In Conversation with T.H.Gigg

With connotations of insularity, small-mindedness and concern for the fundamentally ordinary, to embrace a body of work as ‘parochial’ would, on my part, seem perverse. Yet the title ‘Close to Home’ apparently does just that: ‘home’ for me conjures images of an encircling comfort, safety and belonging. But for most of us this is precisely its power, both in terms of a significant aspect of our identity and the locus of our narrative history. ‘Close to Home’, though, isn’t to take up residence, but rather my attempt to adopt a perspective which is partly and subjectively ‘at home’ and partly and non-subjectively at an observational distance. Thus some photographs capture aspects of my own narrative space and identity, particularly for example in Punctum, while others show relations between couples, including their dogs, of ease and belonging – they are at home with one another.

The parochial also resides in the habitual location of many of my photographs: the generalised seaside of which we all have childhood memories and the specificity of Thanet, its apparent mundanity acting as a backdrop for many of my portraits. The ordinary, the parochial can achieve generalised significance in what they mean to us and how this becomes transformed in photographic images. But the ease of belonging confronts us with its converse; hence ‘that remark went close to home’ is redolent of an emotional fragility, whereby the camera picks up fracturing relations both between people and within places.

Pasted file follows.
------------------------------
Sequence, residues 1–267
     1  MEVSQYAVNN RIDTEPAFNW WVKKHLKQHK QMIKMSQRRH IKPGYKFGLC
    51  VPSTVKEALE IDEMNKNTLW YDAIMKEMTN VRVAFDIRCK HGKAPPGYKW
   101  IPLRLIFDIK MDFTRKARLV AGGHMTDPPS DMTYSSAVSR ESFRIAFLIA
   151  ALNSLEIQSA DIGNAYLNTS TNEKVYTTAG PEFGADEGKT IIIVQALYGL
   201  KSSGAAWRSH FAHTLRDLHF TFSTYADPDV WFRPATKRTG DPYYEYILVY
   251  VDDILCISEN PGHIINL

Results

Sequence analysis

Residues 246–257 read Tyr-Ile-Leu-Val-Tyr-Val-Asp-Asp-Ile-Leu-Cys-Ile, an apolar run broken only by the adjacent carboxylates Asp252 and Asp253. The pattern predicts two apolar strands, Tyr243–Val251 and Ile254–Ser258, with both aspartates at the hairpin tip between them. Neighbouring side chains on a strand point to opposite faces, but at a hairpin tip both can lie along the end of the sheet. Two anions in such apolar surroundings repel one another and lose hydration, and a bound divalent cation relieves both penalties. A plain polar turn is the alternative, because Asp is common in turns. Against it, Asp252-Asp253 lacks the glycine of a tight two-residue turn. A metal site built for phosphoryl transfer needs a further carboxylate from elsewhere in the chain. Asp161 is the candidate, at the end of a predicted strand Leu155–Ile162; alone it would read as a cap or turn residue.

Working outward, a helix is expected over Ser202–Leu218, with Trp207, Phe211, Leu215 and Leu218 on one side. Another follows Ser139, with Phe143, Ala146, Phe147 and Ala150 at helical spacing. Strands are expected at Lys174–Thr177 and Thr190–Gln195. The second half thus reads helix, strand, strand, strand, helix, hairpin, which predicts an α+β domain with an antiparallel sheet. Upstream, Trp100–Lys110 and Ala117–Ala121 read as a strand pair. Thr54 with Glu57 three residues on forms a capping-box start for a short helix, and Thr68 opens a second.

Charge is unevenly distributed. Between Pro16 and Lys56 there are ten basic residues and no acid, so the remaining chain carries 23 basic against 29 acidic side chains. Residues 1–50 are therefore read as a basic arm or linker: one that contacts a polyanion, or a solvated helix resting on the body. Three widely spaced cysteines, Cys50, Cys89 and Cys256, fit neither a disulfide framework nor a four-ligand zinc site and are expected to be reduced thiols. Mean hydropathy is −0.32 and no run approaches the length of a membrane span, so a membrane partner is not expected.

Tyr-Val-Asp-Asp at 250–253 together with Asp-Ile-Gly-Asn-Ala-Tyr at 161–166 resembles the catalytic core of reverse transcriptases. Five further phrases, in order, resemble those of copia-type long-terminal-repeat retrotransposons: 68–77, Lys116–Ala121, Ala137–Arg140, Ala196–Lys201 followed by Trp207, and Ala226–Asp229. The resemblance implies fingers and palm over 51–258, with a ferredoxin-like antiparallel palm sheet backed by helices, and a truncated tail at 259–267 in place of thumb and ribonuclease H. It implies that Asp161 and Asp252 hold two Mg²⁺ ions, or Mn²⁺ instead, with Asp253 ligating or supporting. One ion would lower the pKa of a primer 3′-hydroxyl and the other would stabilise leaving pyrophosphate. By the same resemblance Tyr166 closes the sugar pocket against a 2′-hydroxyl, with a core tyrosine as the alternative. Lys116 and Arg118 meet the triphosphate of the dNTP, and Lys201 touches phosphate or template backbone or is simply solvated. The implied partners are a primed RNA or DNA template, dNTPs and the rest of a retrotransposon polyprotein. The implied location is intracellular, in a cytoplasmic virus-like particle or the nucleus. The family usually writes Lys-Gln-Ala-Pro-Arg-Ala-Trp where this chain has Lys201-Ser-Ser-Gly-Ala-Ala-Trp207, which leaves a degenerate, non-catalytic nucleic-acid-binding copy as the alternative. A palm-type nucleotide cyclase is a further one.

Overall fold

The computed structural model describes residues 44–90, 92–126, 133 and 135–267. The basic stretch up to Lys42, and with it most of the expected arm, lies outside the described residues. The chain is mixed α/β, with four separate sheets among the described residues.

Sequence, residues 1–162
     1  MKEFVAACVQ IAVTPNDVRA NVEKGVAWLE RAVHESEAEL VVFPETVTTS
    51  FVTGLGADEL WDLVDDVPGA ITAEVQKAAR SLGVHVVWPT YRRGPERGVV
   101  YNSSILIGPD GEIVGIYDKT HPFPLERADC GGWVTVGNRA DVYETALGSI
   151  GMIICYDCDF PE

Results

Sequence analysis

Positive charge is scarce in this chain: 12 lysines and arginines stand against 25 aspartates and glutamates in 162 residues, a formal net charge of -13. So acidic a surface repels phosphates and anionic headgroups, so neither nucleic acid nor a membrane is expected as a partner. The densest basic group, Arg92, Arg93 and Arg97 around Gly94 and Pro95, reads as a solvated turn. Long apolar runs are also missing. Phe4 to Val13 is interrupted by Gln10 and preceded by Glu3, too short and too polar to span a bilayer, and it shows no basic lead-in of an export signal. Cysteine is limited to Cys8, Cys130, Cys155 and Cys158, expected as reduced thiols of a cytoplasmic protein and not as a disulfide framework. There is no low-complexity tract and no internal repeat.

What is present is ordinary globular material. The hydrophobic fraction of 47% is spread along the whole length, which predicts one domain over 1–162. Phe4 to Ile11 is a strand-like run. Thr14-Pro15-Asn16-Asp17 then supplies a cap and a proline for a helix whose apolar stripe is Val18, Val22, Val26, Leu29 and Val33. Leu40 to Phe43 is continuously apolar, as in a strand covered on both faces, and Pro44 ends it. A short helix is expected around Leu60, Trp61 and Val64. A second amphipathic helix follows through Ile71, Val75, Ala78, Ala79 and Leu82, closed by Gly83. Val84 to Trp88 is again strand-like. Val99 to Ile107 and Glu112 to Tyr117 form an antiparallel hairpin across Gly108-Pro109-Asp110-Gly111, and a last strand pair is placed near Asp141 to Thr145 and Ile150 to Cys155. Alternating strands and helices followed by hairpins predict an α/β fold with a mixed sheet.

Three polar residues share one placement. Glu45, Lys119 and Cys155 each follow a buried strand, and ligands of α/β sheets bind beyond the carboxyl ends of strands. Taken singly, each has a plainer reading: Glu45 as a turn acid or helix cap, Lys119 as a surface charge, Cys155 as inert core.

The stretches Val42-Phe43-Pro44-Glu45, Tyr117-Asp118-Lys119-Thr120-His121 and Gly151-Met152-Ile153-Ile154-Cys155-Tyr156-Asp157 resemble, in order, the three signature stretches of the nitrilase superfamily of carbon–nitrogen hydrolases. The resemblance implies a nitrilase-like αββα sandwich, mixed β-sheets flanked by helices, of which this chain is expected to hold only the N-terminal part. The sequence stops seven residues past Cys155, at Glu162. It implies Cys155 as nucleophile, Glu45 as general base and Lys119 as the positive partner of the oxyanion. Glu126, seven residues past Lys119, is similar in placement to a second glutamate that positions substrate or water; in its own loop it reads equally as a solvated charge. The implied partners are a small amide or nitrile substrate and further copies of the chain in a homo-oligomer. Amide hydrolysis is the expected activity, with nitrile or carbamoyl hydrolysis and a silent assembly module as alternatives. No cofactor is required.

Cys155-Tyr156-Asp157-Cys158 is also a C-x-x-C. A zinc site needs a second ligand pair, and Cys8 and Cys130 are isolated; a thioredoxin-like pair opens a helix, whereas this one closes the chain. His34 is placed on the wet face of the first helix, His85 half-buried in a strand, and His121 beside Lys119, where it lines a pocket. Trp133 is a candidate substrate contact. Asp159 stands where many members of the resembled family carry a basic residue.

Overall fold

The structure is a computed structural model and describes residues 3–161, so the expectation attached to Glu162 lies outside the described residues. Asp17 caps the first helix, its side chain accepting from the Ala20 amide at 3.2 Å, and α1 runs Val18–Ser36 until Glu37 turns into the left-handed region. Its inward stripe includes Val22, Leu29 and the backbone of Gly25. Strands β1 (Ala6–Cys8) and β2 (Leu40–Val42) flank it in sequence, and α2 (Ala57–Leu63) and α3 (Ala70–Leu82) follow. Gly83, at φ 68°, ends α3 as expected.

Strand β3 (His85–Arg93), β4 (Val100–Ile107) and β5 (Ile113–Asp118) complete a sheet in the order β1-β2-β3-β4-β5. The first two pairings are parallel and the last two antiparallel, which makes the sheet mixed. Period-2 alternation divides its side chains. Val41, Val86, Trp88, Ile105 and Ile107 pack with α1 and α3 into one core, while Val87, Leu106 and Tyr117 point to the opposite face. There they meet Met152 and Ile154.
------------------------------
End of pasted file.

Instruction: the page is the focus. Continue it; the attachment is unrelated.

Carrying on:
This fragility has its counterpart in the medium I have used for these works: instant film (Polaroid) and associated processes, including emulsion lifts and transfers. This selection of film distils each work into a unique artefact. No negative nor digital file exists. Thus I have given each picture, as with earlier processes such as the daguerreotype or other plastic arts such as painting, its own, singular identity, created in camera without the option of post-production manipulation. As a consequence, even when presented as substantial montage artefacts, they remain small and seemingly parochial works. Yet, while such familiarity can breed perceptual contempt, the layers of meaning in what is ‘close to home’ can be revealed, I hope, through a more considered and concentrated approach on the part of the viewer.